One of the basic principles of inbound marketing is using advanced content offers (tipsheets, eBooks, case studies, etc.) and marketing automation to nurture leads with the goal of getting them sales-ready. Within the HubSpot marketing platform—and in this article—the term "workflow" is used to describe the automated process of sending emails designed to nurture leads further down the marketing funnel. Regardless of what you call them, creating workflows can be confusing and difficult to wrap your head around because of all the logic involved—not to mention the potential for overlap between various workflows. Luckily, by utilizing some simple design tools and apps, you can streamline the effort it takes to create workflows.
After all, the whole point of inbound isn't to bombard or annoy prospects. Rather, you nurture them by providing timely, relevant content based on milestones in their buyer’s journey. This means creating any number of workflows to nurture leads who are in the top- and middle of your marketing funnel, and many of your workflows may be related to one another.
One of the most helpful ways to avoid confusion is to physically draw your workflows before putting them into your marketing automation platform. While good-old-fashioned pen and paper are always an option, there are a number of spiffy apps available to simplify the process by helping you create simple diagrams and flowcharts. This also makes the process repeatable as you build more workflows. You might even be using some of these programs on a daily basis already!
Nurturing workflows include several key components that you'll want to think about in the early stages of design. For example...
Starting Condition(s): What’s the trigger for a contact to enroll in your workflow? One of the most common triggers for a nurturing workflow is form submission, meaning the contact converted on a content offer on one of your landing pages.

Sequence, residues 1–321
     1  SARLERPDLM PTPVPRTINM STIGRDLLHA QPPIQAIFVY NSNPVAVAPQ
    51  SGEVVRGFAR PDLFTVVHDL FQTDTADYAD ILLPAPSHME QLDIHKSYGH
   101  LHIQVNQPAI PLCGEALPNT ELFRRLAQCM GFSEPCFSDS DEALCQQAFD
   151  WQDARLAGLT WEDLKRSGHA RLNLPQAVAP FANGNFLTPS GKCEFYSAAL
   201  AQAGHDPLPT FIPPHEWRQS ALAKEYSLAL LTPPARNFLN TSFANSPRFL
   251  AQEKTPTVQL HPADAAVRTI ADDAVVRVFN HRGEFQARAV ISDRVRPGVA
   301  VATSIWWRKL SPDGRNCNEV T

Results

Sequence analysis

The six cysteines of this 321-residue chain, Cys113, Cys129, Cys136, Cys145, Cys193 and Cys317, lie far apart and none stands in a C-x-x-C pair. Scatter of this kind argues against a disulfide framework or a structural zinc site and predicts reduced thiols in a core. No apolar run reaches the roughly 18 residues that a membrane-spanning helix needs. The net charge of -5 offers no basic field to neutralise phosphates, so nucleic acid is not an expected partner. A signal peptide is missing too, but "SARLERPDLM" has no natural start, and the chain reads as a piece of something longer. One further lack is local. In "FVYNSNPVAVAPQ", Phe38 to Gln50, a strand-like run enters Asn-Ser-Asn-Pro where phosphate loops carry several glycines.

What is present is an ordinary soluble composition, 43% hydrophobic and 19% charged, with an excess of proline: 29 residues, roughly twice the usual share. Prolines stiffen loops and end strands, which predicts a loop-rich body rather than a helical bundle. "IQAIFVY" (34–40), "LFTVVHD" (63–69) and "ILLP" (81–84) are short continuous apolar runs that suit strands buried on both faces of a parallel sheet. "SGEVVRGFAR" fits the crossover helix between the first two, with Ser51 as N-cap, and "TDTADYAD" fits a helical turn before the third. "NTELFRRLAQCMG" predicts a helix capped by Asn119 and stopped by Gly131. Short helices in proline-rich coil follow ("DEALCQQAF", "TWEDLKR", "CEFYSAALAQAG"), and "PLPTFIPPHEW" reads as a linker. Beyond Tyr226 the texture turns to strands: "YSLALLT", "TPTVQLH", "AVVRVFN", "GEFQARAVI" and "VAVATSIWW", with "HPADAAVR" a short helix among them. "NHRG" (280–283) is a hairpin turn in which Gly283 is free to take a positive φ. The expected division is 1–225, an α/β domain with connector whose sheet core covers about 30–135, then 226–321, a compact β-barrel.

Logic: Within a workflow, logic refers to "If/Then branches" that cause the contact to follow one path or another based on an action in the workflow. This helps optimize marketing automation for each milestone, and makes your content more personalized and relevant to the lead. Here are two common uses of the If/Then logic in nurturing workflows:
Who’s In And Who’s Out? Sometimes the question of who do you NOT want in your workflow is just as important as who you do want. This is where goal lists and suppression lists come in handy—contacts are automatically removed from the workflow when they are added to a goal or suppression list. For example, you could create a list of everyone who’s completed [Workflow 1] and name that list as a suppression list in your Settings for [Workflow 2] to prevent those contacts from joining [Workflow 2].
One other useful setting is the option to remove contacts from specific, or all other, workflows when they are enrolled in your new workflow. However, note that if you're using the same content in multiple workflows, there is still some potential for overlap.
There are a number of tools that offer the ability to create slick-looking flowcharts and diagrams. For-purchase apps and software range from $5.99 to hundreds of dollars for programs like Microsoft Visio. The sophisticated features of many of these programs is not necessary for marketing automation workflow designs. Here are some key features you will want though: